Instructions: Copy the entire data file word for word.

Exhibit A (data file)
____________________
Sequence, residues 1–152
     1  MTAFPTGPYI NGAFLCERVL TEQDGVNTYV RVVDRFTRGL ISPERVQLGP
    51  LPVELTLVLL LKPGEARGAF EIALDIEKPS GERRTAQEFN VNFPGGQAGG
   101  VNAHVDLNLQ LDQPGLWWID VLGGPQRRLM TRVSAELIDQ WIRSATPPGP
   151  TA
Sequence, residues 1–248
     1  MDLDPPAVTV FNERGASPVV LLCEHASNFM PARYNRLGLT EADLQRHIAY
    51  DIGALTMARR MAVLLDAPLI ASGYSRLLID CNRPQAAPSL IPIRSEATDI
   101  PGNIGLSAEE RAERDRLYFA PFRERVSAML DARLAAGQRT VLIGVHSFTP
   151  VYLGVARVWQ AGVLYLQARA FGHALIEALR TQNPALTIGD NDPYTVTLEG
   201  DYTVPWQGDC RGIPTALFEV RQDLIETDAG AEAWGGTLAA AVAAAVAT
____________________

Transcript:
Sequence, residues 1–152
     1  MTAFPTGPYI NGAFLCERVL TEQDGVNTYV RVVDRFTRGL ISPERVQLGP
    51  LPVELTLVLL LKPGEARGAF EIALDIEKPS GERRTAQEFN VNFPGGQAGG
   101  VNAHVDLNLQ LDQPGLWWID VLGGPQRRLM TRVSAELIDQ WIRSATPPGP
   151  TA
Sequence, residues 1–248
     1  MDLDPPAVTV FNERGASPVV LLCEHASNFM PARYNRLGLT EADLQRHIAY
    51  DIGALTMARR MAVLLDAPLI ASGYSRLLID CNRPQAAPSL IPIRSEATDI
   101  PGNIGLSAEE RAERDRLYFA PFRERVSAML DARLAAGQRT VLIGVHSFTP
   151  VYLGVARVWQ AGVLYLQARA FGHALIEALR TQNPALTIGD NDPYTVTLEG
   201  DYTVPWQGDC RGIPTALFEV RQDLIETDAG AEAWGGTLAA AVAAAVAT